Back in the 19th century, before the government had a trade mark registration system, the spirits industry would register their trade marks in the trade magazines. Mida’s Criteria of Chicago and Bonforts’s Wine and Spirits Circular of New York were the two major trade magazines that would serve this purpose. The prospective spirits brand would be submitted to the magazine; if there were no other businesses using that name it would be published, most often with an illustration of the barrel head brand or label, but sometimes simply the name. Even after the government started registering trademarks in the 1880s, companies would still send the trademark to the trade magazines for publication. In 1899, Mida’s Criteria published a book with their trademark registrations to the public. This made it easier for people to know what was already registered and in use in the market.

I have a photocopy of this book. An original is in the collection of the Oscar Getz Museum of Whiskey History in Bardstown. This is a very good source of information on brands. The registration gives the date when the trade mark was first used and the company that has registered the trade mark. This information can help date the age of a brand. It is interesting for example that Four Roses dates their brand to 1888, but in Mida’s National Register Paul Jones registered it as being in use since 1869. The Mida’s date is probably the accurate date since he created the brand in 1869 in Atlanta, after the American Civil War. 1888 is the year that they registered it with the United States Government after Congress created a registry. Four Roses is going with the official government registration rather the brand’s creation. They could legitimately claim another 19 years to their trademark.

The book is good for researching other brands for possible use. Many of the brands in the book are long gone from the market. There were many interesting brands in 1899 that would make good names for artisan distillers today. Of course, there are others that are not such good choices. From a random page in the book, page 85, there are eight registrations. They are:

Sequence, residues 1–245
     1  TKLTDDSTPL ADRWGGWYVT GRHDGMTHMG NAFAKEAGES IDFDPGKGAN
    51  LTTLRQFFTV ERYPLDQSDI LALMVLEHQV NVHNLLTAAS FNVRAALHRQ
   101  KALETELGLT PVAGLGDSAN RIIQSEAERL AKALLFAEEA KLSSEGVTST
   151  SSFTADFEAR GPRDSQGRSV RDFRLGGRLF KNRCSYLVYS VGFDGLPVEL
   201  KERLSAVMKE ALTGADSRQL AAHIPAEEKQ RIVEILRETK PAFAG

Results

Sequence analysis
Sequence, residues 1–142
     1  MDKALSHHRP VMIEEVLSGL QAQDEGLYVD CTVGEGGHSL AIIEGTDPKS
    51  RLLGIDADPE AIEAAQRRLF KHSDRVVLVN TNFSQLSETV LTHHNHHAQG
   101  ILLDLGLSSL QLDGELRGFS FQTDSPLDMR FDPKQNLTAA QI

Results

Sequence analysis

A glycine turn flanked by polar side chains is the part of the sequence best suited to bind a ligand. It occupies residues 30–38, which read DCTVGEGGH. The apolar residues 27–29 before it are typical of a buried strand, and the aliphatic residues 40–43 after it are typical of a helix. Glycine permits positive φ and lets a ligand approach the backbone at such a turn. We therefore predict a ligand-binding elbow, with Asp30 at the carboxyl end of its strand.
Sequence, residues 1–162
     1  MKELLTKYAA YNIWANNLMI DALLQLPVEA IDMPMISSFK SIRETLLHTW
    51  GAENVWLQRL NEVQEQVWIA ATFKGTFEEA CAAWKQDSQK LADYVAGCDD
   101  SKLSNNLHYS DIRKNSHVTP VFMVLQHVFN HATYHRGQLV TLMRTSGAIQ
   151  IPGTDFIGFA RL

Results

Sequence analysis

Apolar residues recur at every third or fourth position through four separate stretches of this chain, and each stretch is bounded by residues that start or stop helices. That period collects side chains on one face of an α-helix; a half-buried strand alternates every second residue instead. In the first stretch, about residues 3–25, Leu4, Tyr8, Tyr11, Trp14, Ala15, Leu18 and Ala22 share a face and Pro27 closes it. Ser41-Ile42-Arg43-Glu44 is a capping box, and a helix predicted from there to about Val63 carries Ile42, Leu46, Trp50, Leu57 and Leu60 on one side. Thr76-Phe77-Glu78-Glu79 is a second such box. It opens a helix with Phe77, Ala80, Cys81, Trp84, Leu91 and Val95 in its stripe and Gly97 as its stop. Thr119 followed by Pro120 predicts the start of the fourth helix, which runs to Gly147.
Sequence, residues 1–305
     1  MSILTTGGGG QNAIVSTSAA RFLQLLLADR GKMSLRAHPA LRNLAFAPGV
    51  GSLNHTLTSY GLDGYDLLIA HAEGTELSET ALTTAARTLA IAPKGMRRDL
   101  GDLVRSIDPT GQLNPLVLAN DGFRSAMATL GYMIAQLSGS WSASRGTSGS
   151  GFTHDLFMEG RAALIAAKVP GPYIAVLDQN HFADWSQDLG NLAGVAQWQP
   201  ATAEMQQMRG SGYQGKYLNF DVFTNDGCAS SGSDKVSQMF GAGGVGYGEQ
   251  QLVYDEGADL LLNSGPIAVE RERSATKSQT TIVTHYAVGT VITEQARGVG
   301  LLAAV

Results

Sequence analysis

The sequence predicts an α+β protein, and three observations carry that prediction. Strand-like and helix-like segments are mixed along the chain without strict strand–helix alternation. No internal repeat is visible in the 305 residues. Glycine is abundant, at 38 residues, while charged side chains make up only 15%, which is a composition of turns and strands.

• Walnut Hill Woodford County Pure Rye
  • Carlisle Standard Sour Mash Whiskey Frankfort Ky.
  • University Club Hand Made Sour Mash Kentucky Whisky
  • Crystal Springs Distilling Co. Sour Mash
  • Kentucky’s Corn Flower Hand Made Sour Mash Whisky
  • Garland O.D. Fire Copper Bourbon
  • Old Jug Old Fashioned Whisky
  • Original Frazier Hand Made Sour Mash Whiskey

Three of the trade marks, Carlisle, Crystal Springs and Garland are registered by Geo. T. Stagg Co. with Carlisle in use since 1880 and the other two new in 1899. Two of them. University Club and Kentucky’s Cornflower, registered by Nathan F. Block in 1891. C.M. Graves & Sons registered Walnut Hill as in use since 1889, J & A Freiberg registered Old Jug as in use since June 1891 and Mayer Bros. & Co. registered Original Frazier in 1899.

This random page shows the range of names registered and who registered them and how old they were when the book was published in 1899. Buffalo Trace could easily revive any of the Geo. T. Stagg brands and have a legitimate claim to their heritage. The other brands could even be used by new distillers or revived by an existing company. I could easily see Woodford Reserve bringing back a Walnut Hill rye whiskey with its heritage in Woodford County. The book has 203 pages of registered trademarks. Not all are original, as some brands have multiple registrations as they changed designs, but there are still plenty to choose from when researching a new brand. There are also 9 pages of gin trademarks, 12 pages of “Sundries” that include brandies, bitters, tonics, Liqueurs and cocktails amongst other things, 15 pages of wines and 39 pages of malt liquors.

The book is a very good research tool. Whether you are looking for the heritage of and existing brand or looking to revive an old brand, Mida’s National register is a place to start. It is also good for research brands of old spirits companies, but it is hard to use for that purpose. The index is by brand name and not company, which means you have to look at every page and the registration to find the company. However, once a company is found it also gives the location of the company such as Geo.T. Stagg, Frankfort, Ky.  This is one of the most used resources in my archive.

Photos Courtesy of Michael Veach